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Dominion spokesman: 'It is not physically possible for our machines to switch votes from one candidate to the other'

A spokesperson for Dominion Voting Systems on Sunday addressed conspiracy theories about the company on Fox News, saying it is “not physically possible” for its machines to change voter selections.

“This is a nonpartisan American company. It is not physically possible for our machines to switch votes from one candidate to the other,” Michael Steel said on Fox News’s “America’s News HQ.”

“Let's be very clear, our election system is run by local elected officials and nonpartisan poll watchers. We simply provide a tool to count the ballots and to print and count ballots,” he added. “There is no way such a massive fraud could have taken place and there are no connections between our company and Venezuela, Germany, Barcelona, Kathmandu, whatever the latest conspiracy theory is.”

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Attorneys working for the Trump campaign laid baseless claims of voter fraud during a press conference last week that included allegations that Dominion had ties to Venezuela.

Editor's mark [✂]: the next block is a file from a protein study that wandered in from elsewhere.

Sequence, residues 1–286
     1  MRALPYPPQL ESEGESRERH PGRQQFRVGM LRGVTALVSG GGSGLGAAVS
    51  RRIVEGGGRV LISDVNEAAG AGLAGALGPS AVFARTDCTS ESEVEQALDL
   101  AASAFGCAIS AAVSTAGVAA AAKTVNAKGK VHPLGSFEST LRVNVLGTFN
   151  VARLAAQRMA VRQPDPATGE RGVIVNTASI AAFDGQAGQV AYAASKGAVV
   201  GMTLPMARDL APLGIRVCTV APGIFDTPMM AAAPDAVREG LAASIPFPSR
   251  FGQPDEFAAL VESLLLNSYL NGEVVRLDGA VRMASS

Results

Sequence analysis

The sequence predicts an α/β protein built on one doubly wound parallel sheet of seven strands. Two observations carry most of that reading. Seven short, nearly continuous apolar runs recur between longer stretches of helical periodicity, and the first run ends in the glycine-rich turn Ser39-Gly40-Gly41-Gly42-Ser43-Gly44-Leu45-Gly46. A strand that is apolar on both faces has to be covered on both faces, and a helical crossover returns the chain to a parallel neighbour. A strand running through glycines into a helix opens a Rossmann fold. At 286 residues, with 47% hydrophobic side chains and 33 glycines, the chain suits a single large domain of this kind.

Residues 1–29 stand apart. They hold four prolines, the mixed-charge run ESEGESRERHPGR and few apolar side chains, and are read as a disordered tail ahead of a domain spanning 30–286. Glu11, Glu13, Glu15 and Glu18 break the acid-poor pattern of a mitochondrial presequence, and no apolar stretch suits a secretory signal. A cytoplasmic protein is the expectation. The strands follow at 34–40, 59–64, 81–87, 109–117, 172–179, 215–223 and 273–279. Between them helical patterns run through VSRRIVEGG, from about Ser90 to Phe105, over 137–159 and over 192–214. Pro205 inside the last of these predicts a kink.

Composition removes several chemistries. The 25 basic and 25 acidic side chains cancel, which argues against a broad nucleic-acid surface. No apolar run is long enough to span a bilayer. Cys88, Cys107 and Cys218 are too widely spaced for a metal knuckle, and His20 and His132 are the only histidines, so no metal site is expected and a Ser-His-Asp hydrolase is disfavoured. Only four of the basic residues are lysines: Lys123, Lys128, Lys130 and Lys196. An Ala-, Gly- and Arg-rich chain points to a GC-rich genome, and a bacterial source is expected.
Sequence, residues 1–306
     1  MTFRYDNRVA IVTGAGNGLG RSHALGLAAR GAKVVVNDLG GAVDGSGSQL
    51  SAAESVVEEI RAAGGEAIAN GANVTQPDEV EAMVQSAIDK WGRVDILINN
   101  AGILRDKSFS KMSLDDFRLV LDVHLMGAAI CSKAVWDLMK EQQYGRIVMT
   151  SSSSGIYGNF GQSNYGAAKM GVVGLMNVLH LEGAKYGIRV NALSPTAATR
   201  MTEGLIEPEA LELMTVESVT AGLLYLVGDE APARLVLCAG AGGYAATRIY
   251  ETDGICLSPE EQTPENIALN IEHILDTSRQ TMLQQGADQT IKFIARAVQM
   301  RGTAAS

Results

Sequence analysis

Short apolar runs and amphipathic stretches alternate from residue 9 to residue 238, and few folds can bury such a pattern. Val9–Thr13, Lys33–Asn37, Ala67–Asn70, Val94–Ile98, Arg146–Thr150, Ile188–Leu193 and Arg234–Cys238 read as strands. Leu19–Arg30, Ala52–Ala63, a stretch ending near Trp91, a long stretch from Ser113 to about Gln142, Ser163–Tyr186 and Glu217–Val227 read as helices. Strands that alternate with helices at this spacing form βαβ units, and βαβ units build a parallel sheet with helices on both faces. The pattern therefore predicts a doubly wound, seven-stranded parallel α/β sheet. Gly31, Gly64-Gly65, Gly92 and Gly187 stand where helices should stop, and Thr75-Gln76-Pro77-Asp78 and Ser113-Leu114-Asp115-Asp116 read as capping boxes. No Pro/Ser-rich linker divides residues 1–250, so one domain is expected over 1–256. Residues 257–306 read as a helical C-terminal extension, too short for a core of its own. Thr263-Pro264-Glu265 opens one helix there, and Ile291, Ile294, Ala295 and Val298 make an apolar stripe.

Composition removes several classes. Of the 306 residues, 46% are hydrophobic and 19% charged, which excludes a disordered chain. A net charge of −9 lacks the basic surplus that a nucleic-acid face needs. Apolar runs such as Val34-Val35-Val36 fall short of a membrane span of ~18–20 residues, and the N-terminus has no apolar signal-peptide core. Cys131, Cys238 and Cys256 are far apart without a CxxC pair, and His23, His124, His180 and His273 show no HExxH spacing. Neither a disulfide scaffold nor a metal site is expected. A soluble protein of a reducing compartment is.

Pressed by Fox News’s Eric Shawn as to how he could be sure the voting machines were secure, Steel responded “When a voter votes on a Dominion machine, they fill out their ballot on the touchscreen, they are given a printed copy which they then give to a local election official for safekeeping.”

“If any electronic interference had taken place, the tally reported electronically would not match the printed ballots,” he added. “And in every case where we've looked at in Georgia, all across the country, the printed ballots, the gold standard in election security, has matched the electronic tally.”

President TrumpDonald John TrumpBiden team wants to understand Trump effort to 'hollow out government agencies' Trump's remaking of the judicial system Overnight Defense: Trump transgender ban 'inflicts concrete harms,' study says | China objects to US admiral's Taiwan visit MORE has repeatedly shared conspiracy theories about the company without evidence, including claiming its systems switched votes from him to Biden.

Christopher Krebs, whom Trump fired as top U.S. cybersecurity official last week, has pushed back against the claims, tweeting last week, “On allegations that election systems were manipulated, 59 election security experts all agree, 'in every case of which we are aware, these claims either have been unsubstantiated or are technically incoherent.’ ”